The Peloponnesian War, Book II: Proxy Wars and Pericles’s Funeral Oration

Book II of edition of Thucydides’s History of the Peloponnesian War examines the true origin of the war. The thirty year peace between Athens and Sparta ends when Thebes (allied with the Peloponnesus) attacks Plataea (allied with Athens) and the Thebans surrender. Both cities are located north of Athens in Boetia. Plataea executes its 180 captured … Continue reading The Peloponnesian War, Book II: Proxy Wars and Pericles’s Funeral Oration

The Seven Against Thebes and The Phoenician Women Considered

Aeschylus's Seven Against Thebes is an odd, archaic play. The bulk of the play is a long reflection and recital of the blazonry on a champion's shield, during the backdrop of an impending duel between Oedipus's two sons, Polynices and Eteocles -with Eteocles playing the main role. As David Grene (the play's translator) notes, the … Continue reading The Seven Against Thebes and The Phoenician Women Considered

The Failure of Orestes

While many other Greek tragedies tend to reiterate already established myths and customs, Euripides's Orestes appears to be entirely his own invention. Chronologically, the plot of the play takes place after the events contained in Aeschylus's Libation Bearers. It was first performed in 408 BC, near the close of the Peloponnesian War. In Orestes, Electra recounts the story … Continue reading The Failure of Orestes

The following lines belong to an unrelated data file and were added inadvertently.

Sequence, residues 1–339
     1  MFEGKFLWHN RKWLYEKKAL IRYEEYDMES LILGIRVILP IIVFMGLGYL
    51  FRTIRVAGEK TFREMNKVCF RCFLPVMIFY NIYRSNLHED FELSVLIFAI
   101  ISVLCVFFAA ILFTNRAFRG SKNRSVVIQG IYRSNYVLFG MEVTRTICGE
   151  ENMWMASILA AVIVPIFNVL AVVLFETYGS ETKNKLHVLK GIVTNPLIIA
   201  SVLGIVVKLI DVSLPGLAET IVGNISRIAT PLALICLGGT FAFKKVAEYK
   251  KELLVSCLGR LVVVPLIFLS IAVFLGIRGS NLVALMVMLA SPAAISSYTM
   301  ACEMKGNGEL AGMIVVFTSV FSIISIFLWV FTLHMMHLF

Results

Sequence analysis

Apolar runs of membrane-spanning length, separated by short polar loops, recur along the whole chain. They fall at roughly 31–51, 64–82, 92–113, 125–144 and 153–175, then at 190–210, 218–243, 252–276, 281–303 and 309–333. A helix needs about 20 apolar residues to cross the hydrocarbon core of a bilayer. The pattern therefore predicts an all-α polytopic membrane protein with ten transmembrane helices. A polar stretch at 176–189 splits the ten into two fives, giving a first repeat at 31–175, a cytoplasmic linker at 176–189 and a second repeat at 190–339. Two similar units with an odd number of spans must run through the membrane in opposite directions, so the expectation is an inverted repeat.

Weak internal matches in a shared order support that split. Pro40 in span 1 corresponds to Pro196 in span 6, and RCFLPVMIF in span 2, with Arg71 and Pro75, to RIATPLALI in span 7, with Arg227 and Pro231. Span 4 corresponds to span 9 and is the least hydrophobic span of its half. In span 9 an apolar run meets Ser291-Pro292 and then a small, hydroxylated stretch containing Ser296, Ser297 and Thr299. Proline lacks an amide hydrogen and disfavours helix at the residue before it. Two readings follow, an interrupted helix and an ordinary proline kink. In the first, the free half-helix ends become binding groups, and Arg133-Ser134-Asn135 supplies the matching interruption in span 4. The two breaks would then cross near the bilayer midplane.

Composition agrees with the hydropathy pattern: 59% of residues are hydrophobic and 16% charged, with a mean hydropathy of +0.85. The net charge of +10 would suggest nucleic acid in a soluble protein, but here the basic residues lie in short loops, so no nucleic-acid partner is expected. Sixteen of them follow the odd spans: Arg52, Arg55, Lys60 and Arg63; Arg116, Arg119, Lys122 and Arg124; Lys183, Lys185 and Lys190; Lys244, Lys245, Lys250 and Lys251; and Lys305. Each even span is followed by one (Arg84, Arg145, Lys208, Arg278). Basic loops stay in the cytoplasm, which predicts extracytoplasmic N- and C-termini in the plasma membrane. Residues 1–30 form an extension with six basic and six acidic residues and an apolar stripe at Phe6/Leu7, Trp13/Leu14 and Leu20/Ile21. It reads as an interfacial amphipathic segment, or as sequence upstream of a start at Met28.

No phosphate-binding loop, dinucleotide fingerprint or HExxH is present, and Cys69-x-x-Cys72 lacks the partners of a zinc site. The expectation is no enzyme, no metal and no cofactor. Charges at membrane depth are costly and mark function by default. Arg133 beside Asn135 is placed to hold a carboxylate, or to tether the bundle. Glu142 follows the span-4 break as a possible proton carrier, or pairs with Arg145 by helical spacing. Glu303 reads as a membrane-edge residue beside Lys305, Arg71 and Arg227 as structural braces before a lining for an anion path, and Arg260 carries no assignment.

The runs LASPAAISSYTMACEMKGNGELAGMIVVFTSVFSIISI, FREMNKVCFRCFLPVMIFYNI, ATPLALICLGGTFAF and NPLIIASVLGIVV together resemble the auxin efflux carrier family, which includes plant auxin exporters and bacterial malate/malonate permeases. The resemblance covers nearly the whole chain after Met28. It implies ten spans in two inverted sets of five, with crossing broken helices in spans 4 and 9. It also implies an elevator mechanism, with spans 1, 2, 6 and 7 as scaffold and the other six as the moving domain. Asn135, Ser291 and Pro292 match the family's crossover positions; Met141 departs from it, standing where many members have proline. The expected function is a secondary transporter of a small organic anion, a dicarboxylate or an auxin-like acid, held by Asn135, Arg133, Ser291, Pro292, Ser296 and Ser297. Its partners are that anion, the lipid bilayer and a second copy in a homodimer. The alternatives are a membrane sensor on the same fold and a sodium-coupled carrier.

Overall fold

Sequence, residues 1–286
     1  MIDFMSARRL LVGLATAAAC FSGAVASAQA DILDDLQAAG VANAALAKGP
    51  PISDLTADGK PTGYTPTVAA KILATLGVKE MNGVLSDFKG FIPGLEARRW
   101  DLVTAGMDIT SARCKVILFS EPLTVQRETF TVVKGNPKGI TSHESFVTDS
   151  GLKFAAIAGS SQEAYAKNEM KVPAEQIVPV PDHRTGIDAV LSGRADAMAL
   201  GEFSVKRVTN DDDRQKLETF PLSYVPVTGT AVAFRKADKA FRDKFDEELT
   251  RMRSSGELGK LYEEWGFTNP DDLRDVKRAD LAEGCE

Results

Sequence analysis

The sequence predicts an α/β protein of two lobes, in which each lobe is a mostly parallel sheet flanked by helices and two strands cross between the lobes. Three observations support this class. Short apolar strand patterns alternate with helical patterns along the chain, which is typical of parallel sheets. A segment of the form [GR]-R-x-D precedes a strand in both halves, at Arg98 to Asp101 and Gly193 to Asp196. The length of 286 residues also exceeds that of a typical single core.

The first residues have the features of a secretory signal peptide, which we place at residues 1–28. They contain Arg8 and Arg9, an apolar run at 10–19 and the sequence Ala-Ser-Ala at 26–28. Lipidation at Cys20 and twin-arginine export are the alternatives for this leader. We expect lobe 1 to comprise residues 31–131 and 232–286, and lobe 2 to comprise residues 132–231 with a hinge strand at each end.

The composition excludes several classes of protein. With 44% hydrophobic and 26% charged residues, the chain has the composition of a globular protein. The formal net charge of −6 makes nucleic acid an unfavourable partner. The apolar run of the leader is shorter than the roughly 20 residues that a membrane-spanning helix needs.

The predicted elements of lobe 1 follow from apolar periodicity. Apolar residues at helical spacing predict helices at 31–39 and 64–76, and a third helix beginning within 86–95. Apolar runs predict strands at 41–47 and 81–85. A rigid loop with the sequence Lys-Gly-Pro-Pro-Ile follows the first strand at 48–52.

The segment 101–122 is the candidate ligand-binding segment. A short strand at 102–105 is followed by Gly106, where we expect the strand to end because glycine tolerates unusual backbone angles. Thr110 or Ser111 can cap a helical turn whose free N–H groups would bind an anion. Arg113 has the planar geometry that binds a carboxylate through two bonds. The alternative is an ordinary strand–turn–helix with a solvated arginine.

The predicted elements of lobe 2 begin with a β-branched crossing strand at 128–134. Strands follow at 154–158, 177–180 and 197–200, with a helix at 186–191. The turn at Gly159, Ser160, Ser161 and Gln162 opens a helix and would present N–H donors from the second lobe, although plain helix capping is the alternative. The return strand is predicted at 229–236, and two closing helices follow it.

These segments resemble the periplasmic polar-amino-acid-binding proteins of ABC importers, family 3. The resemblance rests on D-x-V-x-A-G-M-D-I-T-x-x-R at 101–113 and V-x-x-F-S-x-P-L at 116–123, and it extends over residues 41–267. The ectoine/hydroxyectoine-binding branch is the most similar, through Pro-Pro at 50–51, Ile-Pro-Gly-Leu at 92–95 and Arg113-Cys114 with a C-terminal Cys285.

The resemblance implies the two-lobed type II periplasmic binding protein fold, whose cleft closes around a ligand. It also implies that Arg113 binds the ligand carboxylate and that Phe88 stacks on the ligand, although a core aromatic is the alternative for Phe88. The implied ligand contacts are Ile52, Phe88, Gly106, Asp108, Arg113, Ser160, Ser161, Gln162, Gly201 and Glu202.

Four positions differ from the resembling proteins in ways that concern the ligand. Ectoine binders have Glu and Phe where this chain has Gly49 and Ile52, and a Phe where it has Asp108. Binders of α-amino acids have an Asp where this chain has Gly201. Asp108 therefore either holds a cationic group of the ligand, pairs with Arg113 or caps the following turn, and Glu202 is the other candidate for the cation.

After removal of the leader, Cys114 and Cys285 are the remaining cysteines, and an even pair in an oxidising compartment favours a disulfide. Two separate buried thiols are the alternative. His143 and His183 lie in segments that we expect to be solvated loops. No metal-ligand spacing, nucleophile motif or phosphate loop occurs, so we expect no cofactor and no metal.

What Is Tragic About Greek Tragedy? Euripides’s Hecuba Considered

Euripides's Hecuba is perhaps the most bleak of the Greek tragedies. It takes place shortly after the sack of Troy by the Achaeans. The few remaining Trojans have been either killed or enslaved by the Greeks. Hecuba, Queen of Troy and wife of Priam, has been captured and enslaved by Odysseus. Like Job, the her life has had … Continue reading What Is Tragic About Greek Tragedy? Euripides’s Hecuba Considered

What is Love in the Symposium?

Plato’s famous dialogue, the Symposium, takes place the day after the tragic poet, Agathon, wins his first and only award at the Lenaia in 416 BC, the year before Alcibiades’s failed quest to Sicily. The dramatic setting occurs among a group of Athenians gathered at Agathon’s house in Athens to celebrate his victory. The party is … Continue reading What is Love in the Symposium?